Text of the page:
Celebrity chef Jamie Oliver has announced that he will implement a "sugar tax" on all sweetened beverages served in his restaurants as a form of protest against the government's refusal to introduce such a tax in the United Kingdom.

The Naked Chef host, who gained fame for introducing healthier versions of well-known recipes, said he will charge an additional 10 pence, or around 15 cents, for every sugary drink sold in his restaurants across the UK. The money collected through the sugar tax will be donated to fund better education regarding healthy eating.

As part of this endeavor, the Jamie Oliver Restaurant Group will provide £25,000 to initiate the program.

Oliver's goal is to raise public awareness on the health risks of sugar consumption, and to urge the British government to act on the issue of child obesity in the country.

"I've seen first-hand the heartbreaking effects that poor diet and too much sugar is having on our children's health and futures," Oliver said.

"Young children [need] multiple teeth pulled out under general anesthetic and one in three kids [is] now leaving primary school overweight or obese."

The celebrity chef added that soft drinks are the leading sources of sugar among school-age children and teens, and that something must be done about it.

In his own household, for example, Oliver said that his children mainly drink water or diluted fruit juice. He prefers preparing healthier drinks, such as placing freshly cut oranges, lemons and strawberries in a pitcher of iced water.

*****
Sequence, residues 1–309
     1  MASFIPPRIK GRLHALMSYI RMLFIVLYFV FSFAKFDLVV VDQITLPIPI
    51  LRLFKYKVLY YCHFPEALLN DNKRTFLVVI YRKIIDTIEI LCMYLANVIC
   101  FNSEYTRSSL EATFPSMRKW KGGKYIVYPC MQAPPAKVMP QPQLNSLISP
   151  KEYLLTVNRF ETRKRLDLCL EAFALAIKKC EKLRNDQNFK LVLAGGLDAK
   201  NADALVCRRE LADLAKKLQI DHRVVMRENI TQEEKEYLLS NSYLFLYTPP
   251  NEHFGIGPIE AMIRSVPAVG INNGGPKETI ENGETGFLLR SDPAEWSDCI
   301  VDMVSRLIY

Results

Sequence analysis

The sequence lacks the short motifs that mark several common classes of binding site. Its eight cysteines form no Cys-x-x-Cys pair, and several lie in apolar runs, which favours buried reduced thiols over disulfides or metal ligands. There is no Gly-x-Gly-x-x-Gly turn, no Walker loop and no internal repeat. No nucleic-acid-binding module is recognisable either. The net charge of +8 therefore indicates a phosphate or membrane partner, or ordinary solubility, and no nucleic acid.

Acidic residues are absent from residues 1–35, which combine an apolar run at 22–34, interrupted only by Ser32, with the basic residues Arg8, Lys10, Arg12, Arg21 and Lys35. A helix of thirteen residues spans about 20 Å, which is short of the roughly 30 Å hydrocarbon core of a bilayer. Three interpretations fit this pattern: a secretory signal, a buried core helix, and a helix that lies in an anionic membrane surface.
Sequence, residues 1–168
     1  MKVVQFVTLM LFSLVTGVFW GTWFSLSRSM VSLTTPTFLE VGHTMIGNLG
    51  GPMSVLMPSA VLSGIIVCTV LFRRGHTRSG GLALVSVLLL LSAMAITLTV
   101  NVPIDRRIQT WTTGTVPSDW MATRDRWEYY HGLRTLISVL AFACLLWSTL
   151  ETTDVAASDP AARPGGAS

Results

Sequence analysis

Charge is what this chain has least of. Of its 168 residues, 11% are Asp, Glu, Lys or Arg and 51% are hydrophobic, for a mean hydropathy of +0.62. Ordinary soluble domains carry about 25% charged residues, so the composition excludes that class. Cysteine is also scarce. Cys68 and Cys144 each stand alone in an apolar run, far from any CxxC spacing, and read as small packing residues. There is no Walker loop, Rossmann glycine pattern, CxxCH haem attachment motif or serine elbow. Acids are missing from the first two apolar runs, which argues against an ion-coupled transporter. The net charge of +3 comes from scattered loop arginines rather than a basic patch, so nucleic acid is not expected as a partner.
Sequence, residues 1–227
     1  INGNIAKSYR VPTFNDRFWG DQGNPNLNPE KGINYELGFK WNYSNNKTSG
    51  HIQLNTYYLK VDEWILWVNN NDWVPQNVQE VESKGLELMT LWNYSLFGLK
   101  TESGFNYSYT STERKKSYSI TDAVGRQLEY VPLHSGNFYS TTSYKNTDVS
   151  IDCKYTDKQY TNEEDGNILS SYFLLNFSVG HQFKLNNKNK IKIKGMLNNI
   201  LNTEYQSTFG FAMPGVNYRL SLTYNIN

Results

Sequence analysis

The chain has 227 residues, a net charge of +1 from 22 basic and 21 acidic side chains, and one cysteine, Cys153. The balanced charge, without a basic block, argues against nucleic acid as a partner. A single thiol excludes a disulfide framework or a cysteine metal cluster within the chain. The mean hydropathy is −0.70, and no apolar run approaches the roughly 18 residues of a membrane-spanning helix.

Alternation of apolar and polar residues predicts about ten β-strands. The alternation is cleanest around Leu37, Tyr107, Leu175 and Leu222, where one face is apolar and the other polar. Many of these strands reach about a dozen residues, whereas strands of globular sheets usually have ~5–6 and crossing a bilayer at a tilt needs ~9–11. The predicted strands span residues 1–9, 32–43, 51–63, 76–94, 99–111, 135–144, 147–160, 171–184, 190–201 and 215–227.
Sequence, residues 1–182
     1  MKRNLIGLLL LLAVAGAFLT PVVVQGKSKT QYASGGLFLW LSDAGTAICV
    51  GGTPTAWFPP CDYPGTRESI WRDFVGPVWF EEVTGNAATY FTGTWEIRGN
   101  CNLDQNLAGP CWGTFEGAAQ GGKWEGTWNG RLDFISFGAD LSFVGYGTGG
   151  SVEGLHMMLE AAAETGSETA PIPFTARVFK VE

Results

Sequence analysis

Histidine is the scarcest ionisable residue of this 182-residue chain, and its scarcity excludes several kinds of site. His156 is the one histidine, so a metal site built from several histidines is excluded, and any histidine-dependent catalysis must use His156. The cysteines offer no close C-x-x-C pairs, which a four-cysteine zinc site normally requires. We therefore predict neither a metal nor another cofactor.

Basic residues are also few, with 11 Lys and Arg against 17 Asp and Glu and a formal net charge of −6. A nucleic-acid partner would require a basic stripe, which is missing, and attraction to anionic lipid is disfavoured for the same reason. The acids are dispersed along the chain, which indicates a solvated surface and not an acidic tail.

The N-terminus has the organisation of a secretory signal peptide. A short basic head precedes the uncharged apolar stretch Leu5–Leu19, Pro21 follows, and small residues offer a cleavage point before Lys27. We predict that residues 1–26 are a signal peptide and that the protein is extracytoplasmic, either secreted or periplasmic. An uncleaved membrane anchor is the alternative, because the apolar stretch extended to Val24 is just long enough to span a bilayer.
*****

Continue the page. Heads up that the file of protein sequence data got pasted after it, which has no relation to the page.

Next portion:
While the British government has refused to introduce a tax on soda drinks, such public health policies are starting to gain legitimacy in other countries.

The United States was the first government to start a soda tax when it introduced the policy in Berkeley, California.

Members of the beverage industry in the U.S. reportedly spent around $2.3 million to stop the implementation of the soda tax, but it ultimately failed. They were more successful in defeating a similar soda tax in San Francisco after spending more money in the effort.

The introduction of such legislation in Berkeley, however, is viewed as a landmark victory that could pave the way to the creation of additional soda taxes in other larger cities.

Experts believe introducing the soda tax on a national level could provide significant health gains, which could help prevent 8,000 cases of strokes, 100,000 cases of heart disease and even 26,000 deaths among Americans over the next decade.

Photo: Really Short | Flickr 

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